Market vendors- from whom I bought an unfathomably tasty mango on the second day

Goats on the road because Jamaica is surprising like that

Goats on the road because Jamaica is surprising like that

View of Jamaica upon landing

View of Jamaica upon landing

The team

The team

On a tour of the breathtaking Black River, we caught a glimpse of this little guy

On a tour of the breathtaking Black River, we caught a glimpse of this little guy

We caught this gorgeous sunset the first day we arrived

We caught this gorgeous sunset the first day we arrived

Fresh coconut water! Given to us by the Fabulous Harvey sisters of Harvey River-- relatives of Lorna Goodison, whose book we read in our class.

Fresh coconut water! Given to us by the Fabulous Harvey sisters of Harvey River– relatives of Lorna Goodison, whose book we read in our class.

Many many more pics coming soon!

For International Women’s Day, Hollins invited Samhita Mukhopadhyay, a women’s rights activist, to deliver a lecture. Before the 7:30 event, I had the honor of having dinner with her at President Gray’s house. In addition to eating excellent food, the guests had a great conversation about Hollins life, current issues regarding women, and the role of social media in fostering creative feminist discourses.

The following lecture was titled, “Miley vs. Beyonce: Race, Class, and Gender in the Media.” The speech addressed the divergent ways in which Miley  and Beyonce have asserted their sexuality in the media. The talk was not only educational but hilarious! The whole audience was in laughter. What I loved most about the event was that it was less of a lecture and more of a discussion. Mukhopadhyay only introduced the complexity of the situation to us; she made no pretense at having the answers to the question of  the night. She suggested that the discourses surrounding women’s sexuality in America ought to be more humble. Each woman’s experience is  so diverse that it is simply unfair to tokenize one individual’s background and beliefs.

Aside from the content of her lecture, Mukhopadhyay’s speech was so interesting to me because she was so relatable. Like her, I too have found it difficult to find my feminism among the exclusivist discussions in this nation. Even further, I was delighted to find that she enjoyed listening to old school hip-hop, which I love.

How sweet

How sweet

After the discussion, there was a reception at the VAC, during which Mukhopadhyay spoke with eager students. This lecture was one of many in the distinguished speakers series that Hollins is hosting this year. I can’t wait to go to many more!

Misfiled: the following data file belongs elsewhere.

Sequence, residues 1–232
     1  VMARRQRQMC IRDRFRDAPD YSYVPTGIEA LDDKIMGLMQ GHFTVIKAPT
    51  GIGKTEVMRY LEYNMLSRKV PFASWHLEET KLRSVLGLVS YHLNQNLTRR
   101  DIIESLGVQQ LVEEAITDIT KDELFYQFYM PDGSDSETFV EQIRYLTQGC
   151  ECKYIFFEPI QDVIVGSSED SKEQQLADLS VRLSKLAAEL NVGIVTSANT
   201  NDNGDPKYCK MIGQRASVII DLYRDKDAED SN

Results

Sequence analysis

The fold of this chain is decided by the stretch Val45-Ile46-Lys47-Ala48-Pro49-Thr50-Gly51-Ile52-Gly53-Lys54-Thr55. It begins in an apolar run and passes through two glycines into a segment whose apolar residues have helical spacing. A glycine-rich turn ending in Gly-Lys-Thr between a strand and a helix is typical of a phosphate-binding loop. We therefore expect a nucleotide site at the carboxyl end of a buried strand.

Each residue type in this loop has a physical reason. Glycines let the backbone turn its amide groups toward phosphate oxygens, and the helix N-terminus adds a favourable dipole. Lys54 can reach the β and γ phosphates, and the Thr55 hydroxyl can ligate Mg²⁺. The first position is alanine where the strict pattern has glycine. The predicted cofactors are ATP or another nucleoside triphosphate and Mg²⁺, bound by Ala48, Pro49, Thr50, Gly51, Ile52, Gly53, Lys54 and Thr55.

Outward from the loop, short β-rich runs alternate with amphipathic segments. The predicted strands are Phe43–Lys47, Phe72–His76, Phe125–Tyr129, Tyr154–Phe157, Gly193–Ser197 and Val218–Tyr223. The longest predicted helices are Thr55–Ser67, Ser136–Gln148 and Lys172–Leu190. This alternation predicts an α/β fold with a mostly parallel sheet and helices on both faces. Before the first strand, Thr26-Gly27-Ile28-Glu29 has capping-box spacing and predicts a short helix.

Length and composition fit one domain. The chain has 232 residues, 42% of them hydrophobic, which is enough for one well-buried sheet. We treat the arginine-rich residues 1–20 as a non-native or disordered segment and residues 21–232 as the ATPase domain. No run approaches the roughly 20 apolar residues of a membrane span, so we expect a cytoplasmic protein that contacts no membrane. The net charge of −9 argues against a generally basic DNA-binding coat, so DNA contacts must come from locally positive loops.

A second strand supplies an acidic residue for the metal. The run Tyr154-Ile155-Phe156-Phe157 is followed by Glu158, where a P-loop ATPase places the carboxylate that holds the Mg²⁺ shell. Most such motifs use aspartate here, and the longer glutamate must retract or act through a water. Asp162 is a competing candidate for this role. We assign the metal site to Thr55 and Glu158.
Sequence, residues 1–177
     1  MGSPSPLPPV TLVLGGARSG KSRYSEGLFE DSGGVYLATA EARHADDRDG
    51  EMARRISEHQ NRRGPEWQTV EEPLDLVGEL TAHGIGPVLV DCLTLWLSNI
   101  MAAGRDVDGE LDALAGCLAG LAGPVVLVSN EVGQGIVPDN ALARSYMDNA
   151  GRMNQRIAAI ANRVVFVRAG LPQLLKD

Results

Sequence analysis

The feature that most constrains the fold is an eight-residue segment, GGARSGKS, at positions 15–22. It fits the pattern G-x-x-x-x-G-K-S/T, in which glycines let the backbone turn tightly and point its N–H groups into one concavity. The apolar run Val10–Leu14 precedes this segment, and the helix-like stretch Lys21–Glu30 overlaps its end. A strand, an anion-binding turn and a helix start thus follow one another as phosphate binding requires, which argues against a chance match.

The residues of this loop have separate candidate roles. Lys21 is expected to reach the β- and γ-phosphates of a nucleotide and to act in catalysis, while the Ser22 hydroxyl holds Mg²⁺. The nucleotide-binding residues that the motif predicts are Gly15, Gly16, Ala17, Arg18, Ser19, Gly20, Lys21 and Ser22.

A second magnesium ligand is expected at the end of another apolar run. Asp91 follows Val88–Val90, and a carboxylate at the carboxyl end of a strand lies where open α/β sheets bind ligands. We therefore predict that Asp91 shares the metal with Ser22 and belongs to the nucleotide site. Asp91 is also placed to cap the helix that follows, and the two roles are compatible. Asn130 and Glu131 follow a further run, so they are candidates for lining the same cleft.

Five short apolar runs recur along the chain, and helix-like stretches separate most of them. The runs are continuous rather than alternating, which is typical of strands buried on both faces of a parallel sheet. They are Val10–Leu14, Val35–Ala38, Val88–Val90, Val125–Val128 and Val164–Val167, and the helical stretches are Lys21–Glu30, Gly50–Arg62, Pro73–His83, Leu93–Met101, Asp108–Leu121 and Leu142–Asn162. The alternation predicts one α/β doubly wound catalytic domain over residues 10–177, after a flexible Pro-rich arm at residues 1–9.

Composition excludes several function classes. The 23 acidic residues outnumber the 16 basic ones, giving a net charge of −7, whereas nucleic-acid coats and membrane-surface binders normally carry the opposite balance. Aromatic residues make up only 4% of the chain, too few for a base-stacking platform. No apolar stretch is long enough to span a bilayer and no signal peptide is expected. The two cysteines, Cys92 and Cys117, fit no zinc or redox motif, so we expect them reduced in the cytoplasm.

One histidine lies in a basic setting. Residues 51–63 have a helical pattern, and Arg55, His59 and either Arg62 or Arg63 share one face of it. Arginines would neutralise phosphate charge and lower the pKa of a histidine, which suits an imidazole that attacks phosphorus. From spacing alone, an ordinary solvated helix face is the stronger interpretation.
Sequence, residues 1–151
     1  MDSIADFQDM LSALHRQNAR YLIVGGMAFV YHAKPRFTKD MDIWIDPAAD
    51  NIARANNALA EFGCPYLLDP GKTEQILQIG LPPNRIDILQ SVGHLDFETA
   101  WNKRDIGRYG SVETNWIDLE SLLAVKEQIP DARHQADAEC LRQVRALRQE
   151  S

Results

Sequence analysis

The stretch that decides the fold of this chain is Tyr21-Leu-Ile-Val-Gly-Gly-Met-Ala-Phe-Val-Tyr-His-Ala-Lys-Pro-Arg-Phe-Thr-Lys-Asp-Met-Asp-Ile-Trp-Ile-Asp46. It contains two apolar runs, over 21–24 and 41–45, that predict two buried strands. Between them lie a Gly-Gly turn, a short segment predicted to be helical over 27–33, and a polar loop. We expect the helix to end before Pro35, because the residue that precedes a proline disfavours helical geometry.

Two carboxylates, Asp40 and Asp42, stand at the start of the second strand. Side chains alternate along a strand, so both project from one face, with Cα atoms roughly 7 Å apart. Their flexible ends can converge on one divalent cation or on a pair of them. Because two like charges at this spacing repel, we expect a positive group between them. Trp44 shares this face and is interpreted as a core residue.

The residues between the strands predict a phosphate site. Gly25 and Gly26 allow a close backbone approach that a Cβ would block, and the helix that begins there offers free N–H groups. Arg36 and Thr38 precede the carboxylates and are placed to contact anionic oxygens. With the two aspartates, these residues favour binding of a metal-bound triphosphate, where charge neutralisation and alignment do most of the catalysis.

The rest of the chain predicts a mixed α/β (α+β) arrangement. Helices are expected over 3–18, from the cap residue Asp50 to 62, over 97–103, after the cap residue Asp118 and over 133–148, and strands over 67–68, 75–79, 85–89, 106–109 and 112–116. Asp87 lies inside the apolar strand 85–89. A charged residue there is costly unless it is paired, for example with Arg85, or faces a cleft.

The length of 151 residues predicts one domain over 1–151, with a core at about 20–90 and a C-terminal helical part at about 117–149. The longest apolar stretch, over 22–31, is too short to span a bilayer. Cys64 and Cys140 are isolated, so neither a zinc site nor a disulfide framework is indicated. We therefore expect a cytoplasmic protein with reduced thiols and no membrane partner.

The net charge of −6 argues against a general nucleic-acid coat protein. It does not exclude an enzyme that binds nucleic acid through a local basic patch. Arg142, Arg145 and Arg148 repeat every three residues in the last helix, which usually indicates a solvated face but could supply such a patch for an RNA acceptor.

My LOC internship video

Yay I’m internet famous! Just kidding- check out my video if you’re interested in internships or career development at Hollins.

Snoooow

Hollins had a 4.5-day weekend as winter storm Pax blanketed the whole campus with snow! Wednesday night–the first night of the incessant snowfall– some of the Sandusky residents and I went onto Tinker Beach for an awesome sledding session.

L to R: Andie, Andrea, and Corrine!

L to R: Andie, Andrea, and Corrine!

Afterwards, we went in for tea and hot chocolate. Knowing we’d have school off the next day, my friends and I did nothing but eat and listen to music the rest of the night. Thursday was no more productive as we spent the whole day watching the entire season 1 of The Bates Motel on Netflix, eating hummus and cookies, and debating the show’s outcome.

The front of Sandusky

The front of Sandusky

Andrea and Andie being Andrea and Andie

Andrea and Andie being Andrea and Andie

With Friday off as well, I’ve decided to get ahead on some readings for Globalization and Development and practice my calculus. This semester’s looking really good for me!

I’d just like to take some time to note how thankful I am that I can process this snowstorm as a joyous experience instead of an adverse one. I’m thankful to have a home I can return to after all the shenanigans and I’m certainly thankful for my friends and food! I was really impressed with how normal the food at Moody was despite the snowstorm! A big thank you to all the Hollins maintenance, administrative, and food services staff for taking care of everything! =)

WDL internship

My time at the World Digital Library was very fascinating! From working in the cerebral environment of the Library of Congress to taking time to appreciate the rich culture of Washington D.C., this J-term experience was ideal for me. During my internship, I helped organize metadata about the WDL’s content as well as some partner institutions’ content. (The WDL is connected with various national and international libraries, with whom we exchange information.) I also helped create and organize social media and even helped identify certain features about some of the artifacts on the WDL webpage.